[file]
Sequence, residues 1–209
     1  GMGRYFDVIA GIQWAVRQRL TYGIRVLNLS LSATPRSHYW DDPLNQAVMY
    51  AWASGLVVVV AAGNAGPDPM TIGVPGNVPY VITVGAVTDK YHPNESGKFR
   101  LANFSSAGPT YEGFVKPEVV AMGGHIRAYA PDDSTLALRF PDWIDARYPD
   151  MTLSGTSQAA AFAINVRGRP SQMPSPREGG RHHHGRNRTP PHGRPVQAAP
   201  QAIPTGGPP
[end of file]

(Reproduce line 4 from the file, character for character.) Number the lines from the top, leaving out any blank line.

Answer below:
   101  LANFSSAGPT YEGFVKPEVV AMGGHIRAYA PDDSTLALRF PDWIDARYPD